It was only a month ago when Young was a member of Philadelphia's young, talented squad. Fast forward to now, and he is still a member of the team's young talent, but there just happens to be fewer men in that category of players.
Jrue Holiday's departure was the beginning of Young's potential end. His future needs to be decided on as soon as possible, and if the Sixers are smart, they'll part ways with him.
Now, I'm not going to lie. I have jumped back and forth on whether or not Philadelphia should look into trading Young.
It just so happens my mind is now set on moving him somewhere else.
The advantage to keeping him isn't hard to find. He is one of the more versatile small forwards in the NBA, and no, that is not an exaggeration. Young found a way to successfully defend power forwards during the entire 2012-13 season. Offensively, he was able to score 14.8 points per game while rarely getting any sets called for him.
Good luck finding many other players with the ability to do that.
Unfortunately, this might be the wrong time for the Sixers to have a player of Young's skill level. If you were wondering, yes, that did feel ridiculous to type. Still, though, take a look at Philadelphia's rebuilding strategy, and ask yourself if he fits in as a part of it.
The Sixers are looking at a minimum of three years before they become a postseason-worthy team again. If we break down Philly's strategy of building up its team with draft picks and unproven talent, we can see how having a couple of talented players might throw things off.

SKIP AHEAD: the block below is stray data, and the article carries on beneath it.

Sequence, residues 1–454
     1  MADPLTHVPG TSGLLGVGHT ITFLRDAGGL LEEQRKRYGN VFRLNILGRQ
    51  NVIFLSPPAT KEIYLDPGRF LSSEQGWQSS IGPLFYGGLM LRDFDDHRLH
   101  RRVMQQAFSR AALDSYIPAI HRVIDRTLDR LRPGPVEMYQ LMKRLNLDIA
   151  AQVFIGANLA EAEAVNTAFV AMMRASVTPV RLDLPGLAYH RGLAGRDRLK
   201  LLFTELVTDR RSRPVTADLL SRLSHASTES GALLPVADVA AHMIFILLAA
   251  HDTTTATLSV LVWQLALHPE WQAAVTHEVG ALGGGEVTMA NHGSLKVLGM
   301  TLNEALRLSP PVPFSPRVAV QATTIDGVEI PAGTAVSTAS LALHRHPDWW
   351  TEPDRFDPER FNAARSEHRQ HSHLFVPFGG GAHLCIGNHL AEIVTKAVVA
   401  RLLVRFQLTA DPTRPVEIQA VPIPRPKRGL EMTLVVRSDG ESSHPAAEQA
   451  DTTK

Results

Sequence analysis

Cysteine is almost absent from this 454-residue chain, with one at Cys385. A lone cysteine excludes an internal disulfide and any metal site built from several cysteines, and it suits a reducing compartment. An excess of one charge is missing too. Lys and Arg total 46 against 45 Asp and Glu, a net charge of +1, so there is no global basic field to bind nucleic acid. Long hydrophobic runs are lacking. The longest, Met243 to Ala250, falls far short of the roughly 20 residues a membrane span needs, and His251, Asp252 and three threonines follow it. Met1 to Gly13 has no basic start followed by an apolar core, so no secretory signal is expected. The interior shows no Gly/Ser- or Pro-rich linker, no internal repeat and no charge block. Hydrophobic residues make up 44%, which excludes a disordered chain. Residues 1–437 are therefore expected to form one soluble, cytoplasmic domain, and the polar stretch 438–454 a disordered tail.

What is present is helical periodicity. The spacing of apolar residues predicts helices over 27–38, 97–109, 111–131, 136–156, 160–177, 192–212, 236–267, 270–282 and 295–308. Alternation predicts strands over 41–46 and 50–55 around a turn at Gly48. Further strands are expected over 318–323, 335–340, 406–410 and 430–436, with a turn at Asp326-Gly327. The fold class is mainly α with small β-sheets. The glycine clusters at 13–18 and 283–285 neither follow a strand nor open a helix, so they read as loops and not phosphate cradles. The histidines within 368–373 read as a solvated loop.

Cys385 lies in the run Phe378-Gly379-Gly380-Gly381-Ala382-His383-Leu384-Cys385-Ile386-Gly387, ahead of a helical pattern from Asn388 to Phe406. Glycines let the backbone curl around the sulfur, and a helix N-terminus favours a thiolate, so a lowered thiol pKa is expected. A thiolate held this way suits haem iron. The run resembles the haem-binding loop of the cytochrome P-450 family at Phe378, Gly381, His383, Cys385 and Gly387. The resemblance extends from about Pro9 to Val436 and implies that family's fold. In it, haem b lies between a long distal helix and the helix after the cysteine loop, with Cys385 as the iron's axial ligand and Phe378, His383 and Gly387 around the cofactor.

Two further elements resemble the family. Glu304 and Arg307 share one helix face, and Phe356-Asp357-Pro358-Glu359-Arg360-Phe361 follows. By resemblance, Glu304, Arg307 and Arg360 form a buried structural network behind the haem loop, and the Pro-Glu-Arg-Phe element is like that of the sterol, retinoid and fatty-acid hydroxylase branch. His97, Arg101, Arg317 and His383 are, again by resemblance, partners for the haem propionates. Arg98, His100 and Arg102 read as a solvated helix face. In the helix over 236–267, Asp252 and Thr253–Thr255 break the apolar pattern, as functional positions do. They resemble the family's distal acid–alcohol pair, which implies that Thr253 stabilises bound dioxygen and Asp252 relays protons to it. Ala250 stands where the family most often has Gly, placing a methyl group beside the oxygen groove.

On top of that, if we go off of the three-year timeline, it would make Young 28 years old by the time Philadelphia became relevant again. The Sixers are obviously going to be looking to contend for a championship at some point, and if they are good enough, then they'll probably have to add a couple of more years on top of it all.
To make a long story shorter, Young will most likely be a 30-year-old by the time the Sixers get ready for the big show.
Not necessarily the most promising statement.
What is the point in paying Young big money for the team to only be ready to be something special after he has passed his prime? To be honest, there is not really much of one.
Philadelphia is going to take some shots if the team is wanting to get to the top. Adopting a strategy of losing in order to be better in the future isn't on the glamorous side of things, but it is what needs to take place at this point in time.
It isn't a comfortable situation, but Young is a victim of circumstance. It's in the best interest of both parties to split ways now and not to look back.
If the Sixers are looking for a high-character guy who is talented, unselfish and plays hard, then keeping Young would be the correct move. He might even be able to provide veteran leadership down the road.
But if Philadelphia wants to completely overhaul the team and go into full rebuilding mode, then finding a suitor for Young is the team's next move.
That is the beautiful thing, too. Finding somebody interested in acquiring him won't be too hard. The Sixers might even get a good amount of value for him.
Young has been nothing but great in his time with Philadelphia, but his future should take place somewhere else.
As hard as that is to say.
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